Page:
CHARLESTON, W.Va.– More than 60 West Virginia teachers were honored at a ceremony Wednesday evening at the Clay Center for the Arts and Sciences for achieving the teaching profession’s highest credential – National Board Certification.
Also recognized was Barbara Black, a teacher at West Teays Elementary in Putnam County, for receiving the 2008 Milken Family Foundation National Educator Award.
Members of the West Virginia Board of Education, state Superintendent of Schools Steve Paine and several other distinguished guests honored the teachers for obtaining the prestigious credentials.
"National Board Certified teachers not only have to prove they know their subject matter, but they also must provide evidence they know how to effectively teach their subjects to students," said Paine. "National Board Certified Teachers know how to bridge the gap between what students learn today and what they need to know to be successful in the 21st century. Teachers who receive the national certification are clearly among America’s best."
Across the country, more than 60,000 of some of the most effective teachers in the country, including about 420 in West Virginia, have demonstrated that they meet the highest teaching standards by becoming National Board Certified.
This year’s 63 National Board Certified Teachers and their counties are:
Beth Lyons, Berkeley County; Marian Koller, Braxton; Cheryl Cowie, Teresa Damron, Lisa Morris, Vickie Orsini, Brenda Parsons, Elizabeth Ray, Heather Scarberry, Trena Wise, Cabell County; Linda Boley, Fayette County; Amanda Poole, Gilmer County; Shannon Wykle, Greenbrier County; Sandra D’Alesio, Hancock County; Denise Miller, Karen Pitchok, Judith Pittinger, Hancock County; Jenny Santilli, Jacqueline Shaver, Harrison County; Gusta Arrington, Whitney Scholl, Jackson County; Kimi Estep, Karen Kersey, Kanawha County; Mary Patton, Lincoln County; Maria Baxter, Marion County; Beverly Bowers, Joy Gaines, Kelly Garcia, Elizabeth Stanton, Marion County; Laura Fiscus, Sheila Powell, Mineral County; Kelly Stanislawczyk, Patricia Wolfe, Mineral County; Tonya Hatcher, Joy Hunt, Mingo County; Kelly Beckner, Denise Berrebi, Brandy Bochna, Denice Corder, Sandra Lewis, Gretchen Shaffer, Monongalia County; Sarah Morris, Morgan County; Peggy Criswell, Deborah Sgroi, Lara Whorton, Sandra Wiseman, Ohio County; Erica Drennan, Carol Graham, Catherine Grim, Mark Higginbotham, Melissa Isaacs, Wanda Starcher, Jennifer Weddington, Putnam County; Teresa Epperley, Sandra Shaw, Raleigh County; Shelly Mason, Katie Owens, Ritchie County; Thisbe Cooper, Heather DeLuca, Tucker County; Gerald Leigh, Jacqueline McDaniels, Upshur County; Teresa Conley, Lee Cumpston, Wood County.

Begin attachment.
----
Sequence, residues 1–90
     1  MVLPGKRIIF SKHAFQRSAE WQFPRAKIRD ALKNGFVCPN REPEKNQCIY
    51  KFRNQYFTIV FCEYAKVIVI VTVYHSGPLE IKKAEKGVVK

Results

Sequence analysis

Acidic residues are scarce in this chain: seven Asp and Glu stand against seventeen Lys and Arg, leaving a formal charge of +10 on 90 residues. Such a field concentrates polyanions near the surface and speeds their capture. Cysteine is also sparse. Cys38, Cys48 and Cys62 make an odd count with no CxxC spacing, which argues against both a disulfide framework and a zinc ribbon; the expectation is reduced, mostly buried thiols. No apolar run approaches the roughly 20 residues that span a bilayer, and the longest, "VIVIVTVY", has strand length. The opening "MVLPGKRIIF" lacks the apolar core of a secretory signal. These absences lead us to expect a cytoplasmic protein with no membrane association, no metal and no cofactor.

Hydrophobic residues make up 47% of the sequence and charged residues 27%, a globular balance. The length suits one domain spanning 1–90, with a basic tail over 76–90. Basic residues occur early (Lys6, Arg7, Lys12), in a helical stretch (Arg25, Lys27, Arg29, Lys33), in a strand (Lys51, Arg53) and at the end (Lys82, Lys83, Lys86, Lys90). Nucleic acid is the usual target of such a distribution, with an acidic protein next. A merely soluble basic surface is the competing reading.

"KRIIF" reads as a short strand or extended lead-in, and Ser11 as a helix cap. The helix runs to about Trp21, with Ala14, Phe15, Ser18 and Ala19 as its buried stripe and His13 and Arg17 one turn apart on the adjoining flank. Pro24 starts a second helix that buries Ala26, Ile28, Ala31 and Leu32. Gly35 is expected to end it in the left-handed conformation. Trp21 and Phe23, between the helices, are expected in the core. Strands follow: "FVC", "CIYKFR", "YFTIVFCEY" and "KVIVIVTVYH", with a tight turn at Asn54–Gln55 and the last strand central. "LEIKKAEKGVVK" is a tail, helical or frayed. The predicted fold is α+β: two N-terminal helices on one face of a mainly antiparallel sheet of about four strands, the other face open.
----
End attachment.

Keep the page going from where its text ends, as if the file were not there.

National Board Certification is a voluntary assessment program designed to recognize and reward great teachers—and make them better. While state licensing systems set basic requirements to teach in each state, National Board Certified Teachers have successfully demonstrated advanced teaching knowledge, skills and practices. Certification is achieved through a rigorous, performance-based assessment that typically takes one to three years to complete. Overall, the first-year achievement rate is about 40 percent, culminating in an achievement rate of approximately 65 percent by the end of the third year.
As part of the process, teachers build a portfolio that includes student work samples, assignments, videotapes and a thorough analysis of their classroom teaching. Additionally, teachers are assessed on their knowledge of the subjects they teach.
Founded in 1987, the National Board for Professional Teaching Standards (NBPTS) is an independent, non-profit, non-partisan, non-governmental organization.
For more information about NBPTS and National Board Certification, contact the West Virginia Department of Education’s Office of Professional Preparation at (304) 558-7010 or the Office of Communications at (304) 558-2699. Information also is available on the NBPTS Web site at www.nbpts.org.